How Well Are You Selling Change?
5 Ways Change Can Stall The Sale
When it comes to the complex sale the salesperson is often cast in the role of catalyst and change agent. But, selling change is not easy.
For the customer change can stumble at any of the following 5 steps:
1. Build awareness of the need for change
2. Get agreement or commitment on the need for change
3. Ensure a consensus / clarity on what the actual changes should be
4. Translate the commitment into action on the ground
5. Sustain the change – making it stick particularly in the longer term
For some customers the most immediate barrier to change may be a lack of awareness (1) of the need for change, for others it may be taking action (2) to make it happen.
Which of the 5 obstacles to change represent the greatest challenge to winning the sale?
To progress the sale the seller should focus on helping the buyer to transition from one step to the next. This can be quite different to the traditional ‘always be closing’ sales approach.
Are The Changes Hard Or Soft?
To understand the changes for your customer it is helpful to distinguish between what we call ‘soft’ and ‘hard’ changes.
‘Hard’ change includes changes to: – Process – System – Strategy – Structure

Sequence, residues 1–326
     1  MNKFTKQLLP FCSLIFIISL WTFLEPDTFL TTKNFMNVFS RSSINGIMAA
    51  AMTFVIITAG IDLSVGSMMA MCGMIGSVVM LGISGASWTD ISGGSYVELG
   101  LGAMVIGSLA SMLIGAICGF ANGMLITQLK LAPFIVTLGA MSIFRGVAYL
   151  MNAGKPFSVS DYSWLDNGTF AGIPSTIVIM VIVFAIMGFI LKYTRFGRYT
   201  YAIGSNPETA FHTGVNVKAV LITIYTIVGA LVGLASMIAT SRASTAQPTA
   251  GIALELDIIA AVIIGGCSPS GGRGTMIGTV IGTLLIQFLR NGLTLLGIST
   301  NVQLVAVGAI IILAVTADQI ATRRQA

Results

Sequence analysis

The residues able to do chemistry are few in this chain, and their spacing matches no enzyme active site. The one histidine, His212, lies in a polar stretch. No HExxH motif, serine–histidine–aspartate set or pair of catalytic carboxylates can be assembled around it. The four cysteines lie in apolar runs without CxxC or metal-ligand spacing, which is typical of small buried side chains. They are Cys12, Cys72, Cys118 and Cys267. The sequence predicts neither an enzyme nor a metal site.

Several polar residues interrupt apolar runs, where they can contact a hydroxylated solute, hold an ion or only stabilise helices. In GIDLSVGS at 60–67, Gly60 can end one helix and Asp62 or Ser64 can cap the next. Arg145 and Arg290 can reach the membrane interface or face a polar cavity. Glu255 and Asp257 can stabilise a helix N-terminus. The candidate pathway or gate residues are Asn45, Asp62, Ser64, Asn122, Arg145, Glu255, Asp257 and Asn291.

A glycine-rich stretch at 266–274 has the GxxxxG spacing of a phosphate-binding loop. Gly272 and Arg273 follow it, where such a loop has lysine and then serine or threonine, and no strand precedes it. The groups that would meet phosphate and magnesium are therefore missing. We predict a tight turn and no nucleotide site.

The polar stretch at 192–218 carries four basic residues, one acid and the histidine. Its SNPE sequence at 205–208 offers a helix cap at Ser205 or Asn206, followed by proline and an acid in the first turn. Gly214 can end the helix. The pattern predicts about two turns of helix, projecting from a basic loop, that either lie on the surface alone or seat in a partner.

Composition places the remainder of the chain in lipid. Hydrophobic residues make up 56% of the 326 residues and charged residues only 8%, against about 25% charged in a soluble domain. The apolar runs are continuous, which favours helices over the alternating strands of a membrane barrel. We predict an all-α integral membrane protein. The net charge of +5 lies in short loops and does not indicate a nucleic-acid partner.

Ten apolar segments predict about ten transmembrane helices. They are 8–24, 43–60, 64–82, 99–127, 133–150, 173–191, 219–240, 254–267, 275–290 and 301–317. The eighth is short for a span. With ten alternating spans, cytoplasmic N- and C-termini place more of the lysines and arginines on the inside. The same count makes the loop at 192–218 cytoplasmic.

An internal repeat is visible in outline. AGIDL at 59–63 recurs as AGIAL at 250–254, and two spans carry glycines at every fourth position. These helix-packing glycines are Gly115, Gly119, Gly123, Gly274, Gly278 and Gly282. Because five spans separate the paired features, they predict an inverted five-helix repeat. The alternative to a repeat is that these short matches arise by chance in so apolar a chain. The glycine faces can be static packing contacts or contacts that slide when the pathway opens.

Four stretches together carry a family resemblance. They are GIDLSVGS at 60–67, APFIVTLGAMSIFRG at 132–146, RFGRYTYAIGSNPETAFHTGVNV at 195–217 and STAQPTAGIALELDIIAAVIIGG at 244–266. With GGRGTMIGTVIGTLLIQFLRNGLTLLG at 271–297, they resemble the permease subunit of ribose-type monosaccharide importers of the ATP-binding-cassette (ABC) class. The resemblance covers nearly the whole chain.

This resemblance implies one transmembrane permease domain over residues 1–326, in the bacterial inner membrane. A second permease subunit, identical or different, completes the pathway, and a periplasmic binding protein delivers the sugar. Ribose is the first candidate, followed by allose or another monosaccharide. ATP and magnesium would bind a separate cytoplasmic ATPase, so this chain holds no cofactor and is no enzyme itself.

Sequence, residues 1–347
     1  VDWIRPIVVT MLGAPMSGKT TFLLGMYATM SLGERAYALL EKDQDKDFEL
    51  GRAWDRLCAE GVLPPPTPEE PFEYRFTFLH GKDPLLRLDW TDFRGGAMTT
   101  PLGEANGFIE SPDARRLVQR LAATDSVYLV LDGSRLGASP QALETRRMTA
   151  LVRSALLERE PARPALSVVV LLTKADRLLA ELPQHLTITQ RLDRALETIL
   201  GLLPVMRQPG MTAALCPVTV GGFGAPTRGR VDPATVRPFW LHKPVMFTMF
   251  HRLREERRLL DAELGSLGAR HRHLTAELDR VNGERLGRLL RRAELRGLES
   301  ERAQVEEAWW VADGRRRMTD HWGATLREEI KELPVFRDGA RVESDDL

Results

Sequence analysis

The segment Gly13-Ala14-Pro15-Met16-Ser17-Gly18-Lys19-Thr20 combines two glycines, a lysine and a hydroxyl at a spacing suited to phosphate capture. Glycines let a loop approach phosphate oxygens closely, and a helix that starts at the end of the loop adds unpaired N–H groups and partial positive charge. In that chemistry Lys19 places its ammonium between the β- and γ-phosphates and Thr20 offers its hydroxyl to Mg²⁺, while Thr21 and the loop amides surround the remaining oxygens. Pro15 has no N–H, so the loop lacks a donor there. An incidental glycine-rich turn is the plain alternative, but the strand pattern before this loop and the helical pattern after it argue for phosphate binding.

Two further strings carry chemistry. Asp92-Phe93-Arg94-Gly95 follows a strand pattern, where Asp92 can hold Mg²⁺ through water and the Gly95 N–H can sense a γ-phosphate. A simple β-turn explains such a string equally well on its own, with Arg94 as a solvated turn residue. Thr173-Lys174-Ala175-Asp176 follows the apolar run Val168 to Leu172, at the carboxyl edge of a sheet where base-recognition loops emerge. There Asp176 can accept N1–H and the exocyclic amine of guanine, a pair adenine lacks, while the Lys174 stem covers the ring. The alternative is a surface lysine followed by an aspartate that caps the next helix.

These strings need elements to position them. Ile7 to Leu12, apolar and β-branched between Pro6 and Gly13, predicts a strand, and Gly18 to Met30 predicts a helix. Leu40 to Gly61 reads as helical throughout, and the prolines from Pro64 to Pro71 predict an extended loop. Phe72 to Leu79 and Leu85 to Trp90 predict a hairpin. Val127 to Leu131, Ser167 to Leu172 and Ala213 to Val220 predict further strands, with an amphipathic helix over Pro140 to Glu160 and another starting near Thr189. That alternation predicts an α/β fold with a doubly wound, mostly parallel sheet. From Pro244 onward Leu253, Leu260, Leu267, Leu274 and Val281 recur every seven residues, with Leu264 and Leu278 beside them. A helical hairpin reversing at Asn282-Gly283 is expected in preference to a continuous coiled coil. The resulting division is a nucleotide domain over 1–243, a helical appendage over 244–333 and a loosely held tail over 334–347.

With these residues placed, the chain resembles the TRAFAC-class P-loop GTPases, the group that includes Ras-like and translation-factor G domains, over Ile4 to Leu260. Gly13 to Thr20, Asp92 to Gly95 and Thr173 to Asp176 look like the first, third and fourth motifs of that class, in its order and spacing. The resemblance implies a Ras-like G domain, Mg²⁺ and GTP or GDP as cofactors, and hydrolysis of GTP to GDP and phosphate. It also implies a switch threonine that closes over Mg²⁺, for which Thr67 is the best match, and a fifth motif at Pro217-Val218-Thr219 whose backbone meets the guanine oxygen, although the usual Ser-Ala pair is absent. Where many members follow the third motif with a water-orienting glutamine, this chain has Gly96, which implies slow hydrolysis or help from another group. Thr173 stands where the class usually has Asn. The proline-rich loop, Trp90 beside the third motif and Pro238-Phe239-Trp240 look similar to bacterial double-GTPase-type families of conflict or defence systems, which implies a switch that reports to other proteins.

Take for example:
– The purchase of a back office administration system. Successful implementation is likely to require process changes as well as changes in strategy and perhaps a restructuring of administrative function. The appetite for these changes is likely to have a major bearing on the buying decision.
– The implementation of a new compliance regime is likely to require new forms of reporting, as well as changes to systems in order to present the required compliance data. The total cost of ownership will include the cost of all of these related changes.
‘Hard’ changes can be costly and time-consuming. However they may be more manageable than what are ironically called ‘soft changes’.
‘Soft’ change, include changing people’s: – Behaviours – Attitudes – Beliefs
The Hardest Type Of Change
Changing the code in a software system or the steps in a process is easier than changing the way people think and behave.
The problem however is that ‘hard changes’ often necessitate ‘soft changes’ to take place in tandem. This is where organizations often face their greatest challenges.
It is often in the areas of changing behavior that systems, process and strategy initiatives fall down. This is manifest in:
– Poor levels of user adoption of systems
– High levels of non-compliance with process
– Gap between the strategy and its implementation.
Getting people to change is almost universally recognized as a challenge. But, what can the seller do about it? Let’s examine that next…